President Donald Trump’s politically well-timed announcement of a blood plasma treatment option for the coronavirus has lifted stock markets and bought the dollar some reprieve ahead of a dour evaluation of the US economy expected from the Federal Reserve this week. The net outcome for gold and oil investors, however, is a little more uncertainty.
Prices of the shiny metal and crude were slightly lower in Asia as trading for the new week began amid the US Food & Drug Administration’s “emergency use authorization” of blood plasma from recovered patients as a treatment option for COVID-19.
The announcement came on the eve of the Republican National Convention, where Trump will be nominated to lead his party for four more years. The president last week accused “deep state” elements within the FDA of trying to delay progress on vaccines and therapeutics until after November 3rd, US Election Day.
Risk Aversion Still On The Table
The Trump administration is also considering by-passing normal US regulatory standards to fast-track an experimental coronavirus vaccine from the UK for use in America ahead of the election, the Financial Times reported. Still, European hotspots for the virus saw new spikes last week, with Spain having 6,671 cases, France 3,776 and Germany over 1,500–all the most in a day, on Wednesday.
“The authorized emergency use of convalescent plasma could be considered as the latest push to the commodity bears,” said Anil Panchal at FX Street.
“However, the strong bounce-back of the virus in Germany, France and Spain keeps the risk aversion on the table.”
Benchmark December gold futures on New York’s Comex was down $6.60, or 0.3%, at $1,940.40 per ounce by 5:30 GMT.
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Dow Futures, meanwhile, indicated a slightly higher open in New York’s Monday session.
Markets Wary Ahead of Fed’s ‘Jackson Hole’
Yet, traders could be more wary of what the Fed could say in days ahead.
The central bank’s annual “Jackson Hole, Wyoming” symposium on Thursday and Friday–being held virtually for the first time in four decades due to the pandemic–will see Chairman Jay Powell deliver the Monetary Policy Framework Review that should double-down on its pledge for ultra-low rates and more currency debasement.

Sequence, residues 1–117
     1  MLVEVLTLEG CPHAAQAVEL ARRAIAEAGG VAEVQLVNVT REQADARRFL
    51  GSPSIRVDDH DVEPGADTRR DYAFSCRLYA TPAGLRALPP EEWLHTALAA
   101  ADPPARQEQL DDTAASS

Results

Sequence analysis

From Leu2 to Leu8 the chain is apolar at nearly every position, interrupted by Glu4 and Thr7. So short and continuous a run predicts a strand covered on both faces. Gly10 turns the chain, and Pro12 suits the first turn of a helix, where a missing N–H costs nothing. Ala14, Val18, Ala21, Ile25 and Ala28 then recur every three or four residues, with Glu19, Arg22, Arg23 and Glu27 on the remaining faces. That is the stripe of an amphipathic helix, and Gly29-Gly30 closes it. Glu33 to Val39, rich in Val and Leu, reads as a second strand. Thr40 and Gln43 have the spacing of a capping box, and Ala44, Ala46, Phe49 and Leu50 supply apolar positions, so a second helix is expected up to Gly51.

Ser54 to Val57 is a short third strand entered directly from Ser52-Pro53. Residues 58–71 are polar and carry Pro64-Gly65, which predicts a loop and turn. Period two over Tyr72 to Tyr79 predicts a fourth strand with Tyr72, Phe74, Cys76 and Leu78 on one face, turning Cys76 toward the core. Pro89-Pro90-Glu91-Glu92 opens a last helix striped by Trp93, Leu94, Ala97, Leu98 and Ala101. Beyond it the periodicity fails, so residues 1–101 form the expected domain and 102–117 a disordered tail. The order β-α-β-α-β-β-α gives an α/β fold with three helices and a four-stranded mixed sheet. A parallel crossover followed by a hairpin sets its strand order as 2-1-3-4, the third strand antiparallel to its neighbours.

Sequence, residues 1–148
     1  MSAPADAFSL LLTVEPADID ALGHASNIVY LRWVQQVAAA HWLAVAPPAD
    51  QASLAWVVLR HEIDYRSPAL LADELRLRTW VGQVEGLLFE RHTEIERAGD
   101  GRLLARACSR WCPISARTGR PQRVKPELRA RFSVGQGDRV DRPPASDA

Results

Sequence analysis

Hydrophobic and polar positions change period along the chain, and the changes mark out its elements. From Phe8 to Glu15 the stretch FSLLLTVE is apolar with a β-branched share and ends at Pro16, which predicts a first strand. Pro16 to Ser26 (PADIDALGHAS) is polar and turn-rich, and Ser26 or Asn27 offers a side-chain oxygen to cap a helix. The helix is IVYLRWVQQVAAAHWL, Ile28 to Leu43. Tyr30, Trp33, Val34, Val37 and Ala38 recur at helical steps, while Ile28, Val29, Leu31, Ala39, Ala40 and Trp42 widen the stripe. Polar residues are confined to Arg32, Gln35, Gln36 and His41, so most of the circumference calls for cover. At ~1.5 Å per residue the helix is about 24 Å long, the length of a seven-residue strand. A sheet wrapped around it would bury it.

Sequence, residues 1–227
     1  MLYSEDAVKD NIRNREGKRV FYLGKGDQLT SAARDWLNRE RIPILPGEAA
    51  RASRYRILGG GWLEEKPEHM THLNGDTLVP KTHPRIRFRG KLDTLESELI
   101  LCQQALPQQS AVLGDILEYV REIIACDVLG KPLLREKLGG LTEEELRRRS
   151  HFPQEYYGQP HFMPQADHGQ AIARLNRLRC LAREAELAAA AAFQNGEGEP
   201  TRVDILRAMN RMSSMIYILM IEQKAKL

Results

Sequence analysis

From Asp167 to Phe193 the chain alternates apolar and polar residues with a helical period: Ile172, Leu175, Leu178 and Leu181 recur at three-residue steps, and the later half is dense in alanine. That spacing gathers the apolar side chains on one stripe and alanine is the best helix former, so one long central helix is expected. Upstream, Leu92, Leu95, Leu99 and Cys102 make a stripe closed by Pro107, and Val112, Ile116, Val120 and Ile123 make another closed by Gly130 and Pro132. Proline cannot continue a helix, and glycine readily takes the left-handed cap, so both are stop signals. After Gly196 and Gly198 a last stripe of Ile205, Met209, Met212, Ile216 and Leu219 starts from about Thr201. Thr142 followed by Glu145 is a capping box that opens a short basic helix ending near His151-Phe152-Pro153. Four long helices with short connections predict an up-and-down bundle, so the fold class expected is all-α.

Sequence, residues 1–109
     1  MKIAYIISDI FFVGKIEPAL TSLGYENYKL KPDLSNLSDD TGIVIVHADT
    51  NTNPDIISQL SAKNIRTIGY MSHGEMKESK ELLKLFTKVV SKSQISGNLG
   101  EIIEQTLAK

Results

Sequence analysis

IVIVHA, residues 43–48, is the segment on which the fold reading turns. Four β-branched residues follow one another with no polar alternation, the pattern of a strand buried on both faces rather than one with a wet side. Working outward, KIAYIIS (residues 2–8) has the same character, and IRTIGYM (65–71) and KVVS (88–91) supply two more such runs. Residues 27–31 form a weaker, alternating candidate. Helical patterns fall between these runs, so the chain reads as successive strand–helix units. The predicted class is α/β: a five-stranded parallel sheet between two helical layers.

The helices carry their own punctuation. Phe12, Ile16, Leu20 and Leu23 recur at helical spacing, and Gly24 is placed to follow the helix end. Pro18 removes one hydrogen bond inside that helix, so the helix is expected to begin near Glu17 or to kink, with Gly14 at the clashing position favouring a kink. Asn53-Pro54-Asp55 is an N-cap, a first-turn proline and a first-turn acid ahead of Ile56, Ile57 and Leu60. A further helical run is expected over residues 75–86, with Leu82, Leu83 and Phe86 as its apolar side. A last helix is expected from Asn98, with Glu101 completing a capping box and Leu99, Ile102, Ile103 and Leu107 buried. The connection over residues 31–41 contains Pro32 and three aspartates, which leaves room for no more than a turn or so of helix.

A major question, particularly ahead of the Fed’s September policy meeting, is whether the Fed will shift its inflation targets to an average, which would allow inflation to run higher before interest rates are raised.
Investors may also be on the lookout for signs that the Fed is looking at additional ways to bolster the economy should Congress fail to deliver a new pandemic relief package.
“If Powell confirms the bank will be moving to some form of average inflation targeting regime, it would prove risk positive and dollar negative,” Eamonn Sheridan said, posting on ForexLive.
The benchmark yield from the US Treasury’s 10-year note has been heading lower for most of the past two months and forex traders had been hoping the Fed would keep it that way by subjecting controls on the instrument.
But when the Fed’s minutes for its July meeting, released Wednesday, showed the central bank had balked at the idea of yield curve controls, it gave forex traders an excuse to drive the Dollar Index higher. This is in spite of the trillions of dollars of stimulus issued by the US Congress, and the central bank’s vow to keep ballooning its balance-sheet to support a pandemic-struck economy.
While US new home sales and PMI data were supportive of the greenback on Friday, the Dollar Index’s continued stay at the 93 handle baffles many analysts who expected a range of below 92.5 as fair value.
Too Many Risks To Abandon Gold
Gold hit record highs of nearly $2,090 on Aug. 7 before two sharp selloffs over the past two weeks set it on a more volatile path.
“The best thing for gold right now will be if the economic recovery continues but is not too robust, thus cementing the need for more fiscal and monetary stimulus,” said Ed Moya, analyst at OANDA in New York. “Too many risks to the outlook remain for anyone to abandon the gold trade.”
As for oil, a double-digit rise in the US rig count last week may have added a new layer of concern that crude drillers in the world’s largest producing country were raising output despite a questionable demand outlook amid the coronavirus pandemic.
First Double-Digit Rig Rise In More Than A Year
Rigs actively drilling for oil in the United States stood at 183 last week, versus the previous week’s all-time low of 172, oil services firm Baker Hughes said in its routine survey.
Baker Hughes had not reported a single oil rig addition since February, even before the coronavirus outbreak in the United States which decimated demand for energy. It has been more than a year since there was a double-digit rise in rigs.
The surge in rigs suggests that US oil drillers were getting comfortable with crude prices at around $40 per barrel.
History has shown that rig additions, once they begin, can quickly rise in shale oil patches. The result typically is higher production than the market can bear, a phenomenon that ultimately weighs on crude prices.
The US oil rig count stood as high as 1,606 in 2014, triggering a price crash that took crude to around $25 per barrel two years later from previous highs above $100.